The Never Ending Gradient Club has been running for a whole year!
When I took the decision to end my Best of British Club it was a bit of a sad moment, I loved dyeing the club, and exploring the different British breeds, but I was ready for a change, and the gradient club certainly provides that.
It's an interesting club to plan, as I want to keep the colour palette shifting, but at the same time not move colours and shades too quickly or it makes it hard for people to use the fibres in larger projects.
I always dye some spares of club fibres, sometimes the dyeing goes wrong and a broad won't be a good match for the rest of the batch, and I like to have spares in case parcels go missing (though this happened extremely rarely). When the club first started Mum very nicely asked if she could spin up one of the spare braids once it became apparent they wouldn't be needed. Since then she's made up 2 whole garments using the club fibre.
She's horrendous to pin down for modelled shots, so I'm afraid a hanger is the best I could manage. This one is Sugar Maple, and uses the first 4 months.
Then she got a bit more inventive. This isMoore with a few modifications, such as a folded hem to neaten the front edge. It uses the Gradient braids along the bottom, paired with some Jamiesons and Smith 2-ply jumper weight
The majority of the skeins were more jewel toned, so Braid 5 (August) was left out completely, as was the first half of braid 6 (September). They're wound up in a giant 150g ball and will work for another smaller project.
After that it uses all of October, but then sections out of November and the start of December so that the colours progressed more quickly.
The leftover sections will be put to good use at some point... and of course, the magic braid fairy keeps delivering more wool!
I wonder what she'll make next...
If you'd like some ideas for patterns that work really well with gradients then I've been collating a bundle of favourites on Ravelry.
The club has a limited number of spaces, I can only dye so much fibre in any given time, and dyeing 100 braids of the same colour way would be too much like working in a production line. Therefore this club is comparatively small, and I don't operate a waiting list. Spaces are offered on a first come, first served basis, and are advertised using my shop mailing list, if you don't already get my emails then you can sign up below.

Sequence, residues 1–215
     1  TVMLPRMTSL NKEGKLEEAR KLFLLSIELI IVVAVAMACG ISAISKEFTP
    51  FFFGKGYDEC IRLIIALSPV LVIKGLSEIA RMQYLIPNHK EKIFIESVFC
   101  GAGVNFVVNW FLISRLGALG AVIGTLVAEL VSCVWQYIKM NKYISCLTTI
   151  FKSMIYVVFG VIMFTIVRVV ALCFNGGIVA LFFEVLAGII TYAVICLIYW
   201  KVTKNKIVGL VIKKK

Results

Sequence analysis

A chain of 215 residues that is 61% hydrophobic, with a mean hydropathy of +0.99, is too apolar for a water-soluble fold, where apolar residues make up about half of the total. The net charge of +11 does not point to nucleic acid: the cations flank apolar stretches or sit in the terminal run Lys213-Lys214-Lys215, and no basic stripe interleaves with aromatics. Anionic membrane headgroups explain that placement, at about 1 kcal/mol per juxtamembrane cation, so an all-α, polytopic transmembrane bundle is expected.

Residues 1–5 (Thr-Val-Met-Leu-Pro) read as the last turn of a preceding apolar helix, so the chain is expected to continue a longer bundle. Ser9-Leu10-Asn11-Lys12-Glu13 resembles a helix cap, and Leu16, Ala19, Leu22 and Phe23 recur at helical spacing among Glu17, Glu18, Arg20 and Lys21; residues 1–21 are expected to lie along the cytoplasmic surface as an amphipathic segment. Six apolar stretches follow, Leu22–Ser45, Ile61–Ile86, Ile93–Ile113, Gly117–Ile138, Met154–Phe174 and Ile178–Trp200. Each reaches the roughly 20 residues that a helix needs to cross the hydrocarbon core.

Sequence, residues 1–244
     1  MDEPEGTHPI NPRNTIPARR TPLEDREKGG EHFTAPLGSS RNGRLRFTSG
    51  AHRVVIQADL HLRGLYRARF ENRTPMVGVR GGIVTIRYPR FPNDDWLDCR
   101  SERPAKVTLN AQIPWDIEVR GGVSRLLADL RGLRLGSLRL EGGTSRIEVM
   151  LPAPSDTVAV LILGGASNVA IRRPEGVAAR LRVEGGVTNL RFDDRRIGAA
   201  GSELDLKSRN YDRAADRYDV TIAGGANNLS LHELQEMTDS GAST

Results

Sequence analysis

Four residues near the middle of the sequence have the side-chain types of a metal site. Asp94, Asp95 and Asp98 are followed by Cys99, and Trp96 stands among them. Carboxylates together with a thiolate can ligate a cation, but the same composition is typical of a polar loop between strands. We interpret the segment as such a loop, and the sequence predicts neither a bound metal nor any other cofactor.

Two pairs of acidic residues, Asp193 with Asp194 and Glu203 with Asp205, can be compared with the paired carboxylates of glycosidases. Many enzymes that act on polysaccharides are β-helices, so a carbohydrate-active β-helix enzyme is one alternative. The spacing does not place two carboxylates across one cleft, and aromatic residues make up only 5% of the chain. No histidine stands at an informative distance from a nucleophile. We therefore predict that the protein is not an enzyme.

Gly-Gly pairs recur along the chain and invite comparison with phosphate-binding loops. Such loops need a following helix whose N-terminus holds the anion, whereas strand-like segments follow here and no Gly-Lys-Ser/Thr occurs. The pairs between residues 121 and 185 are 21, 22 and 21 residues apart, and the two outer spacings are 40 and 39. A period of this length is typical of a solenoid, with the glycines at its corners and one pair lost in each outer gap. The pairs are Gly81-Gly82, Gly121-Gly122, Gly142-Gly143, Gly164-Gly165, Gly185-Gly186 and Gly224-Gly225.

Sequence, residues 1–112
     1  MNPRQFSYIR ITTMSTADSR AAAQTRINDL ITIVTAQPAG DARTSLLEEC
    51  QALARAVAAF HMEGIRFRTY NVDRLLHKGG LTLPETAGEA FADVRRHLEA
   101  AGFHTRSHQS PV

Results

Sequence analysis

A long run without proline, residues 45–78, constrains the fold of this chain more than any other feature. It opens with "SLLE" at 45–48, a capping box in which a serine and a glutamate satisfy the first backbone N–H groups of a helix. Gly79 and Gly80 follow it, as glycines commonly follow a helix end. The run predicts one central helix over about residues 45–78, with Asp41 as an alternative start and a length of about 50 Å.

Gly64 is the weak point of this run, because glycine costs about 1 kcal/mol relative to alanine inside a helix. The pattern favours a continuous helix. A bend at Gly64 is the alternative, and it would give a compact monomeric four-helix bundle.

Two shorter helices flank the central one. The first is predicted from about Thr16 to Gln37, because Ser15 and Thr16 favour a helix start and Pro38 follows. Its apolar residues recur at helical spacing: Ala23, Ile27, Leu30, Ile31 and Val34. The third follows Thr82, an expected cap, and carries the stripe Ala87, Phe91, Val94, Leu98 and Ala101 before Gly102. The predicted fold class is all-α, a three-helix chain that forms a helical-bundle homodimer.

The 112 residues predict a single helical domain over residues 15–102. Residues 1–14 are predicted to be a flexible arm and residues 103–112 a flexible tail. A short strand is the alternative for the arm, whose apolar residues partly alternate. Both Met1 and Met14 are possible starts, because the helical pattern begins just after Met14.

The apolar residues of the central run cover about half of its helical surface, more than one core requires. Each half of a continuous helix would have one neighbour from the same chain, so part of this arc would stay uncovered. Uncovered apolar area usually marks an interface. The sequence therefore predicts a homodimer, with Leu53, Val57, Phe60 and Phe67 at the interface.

Wonderwool is under 2 weeks away, and in my head that means spring is here. (We'll ignore the year it snowed in through the slats on the sides of the hall). The hedges are only just starting to get green shoots, but the daffodils have been out for a couple of weeks.
Also, just like clockwork, the lambs have appeared in the fields behind the house. The Welsh Mountains lamb outside, pretty much by themselves, the farmers check the fields regularly to keep an eye out for problems, but other than that the sheep are left to get on with it.
So getting good photos is hard... the ones in the field behind the house don't get any supplementary feeding, so don't even associate humans with food.
Getting close requires a degree of sneakiness... and careful spotting of a sleepy lamb.
This one was very sound asleep, it wasn't until I was stood right over it that it jumped up with a start.
It was not impressed at having it's doze interrupted.
Though finding Mum made everything better.
At the moment they all want to stick close to their Mums, and are basically sleeping and eating. Give them another few days and gangs will start forming, and then the run can really start!
Over the Christmas holidays we were chatting as a family about our move to Wales. We were trying to work out how long we'd been living here, and indulging in the usual family disputes about such basic trivia.
Final piece of evidence, perfect for halting a younger brother in his tracks, was the date I opened my Etsy Shop, 25th April 2011.
I then realised that meant Hilltop Cloud turns 5 this year.
5.... 5 whole years of doing this. I still can't quite wrap my head around it.
I started out with a vague idea, spent a chunk of money from my final pay check as a teacher, evolving ever since.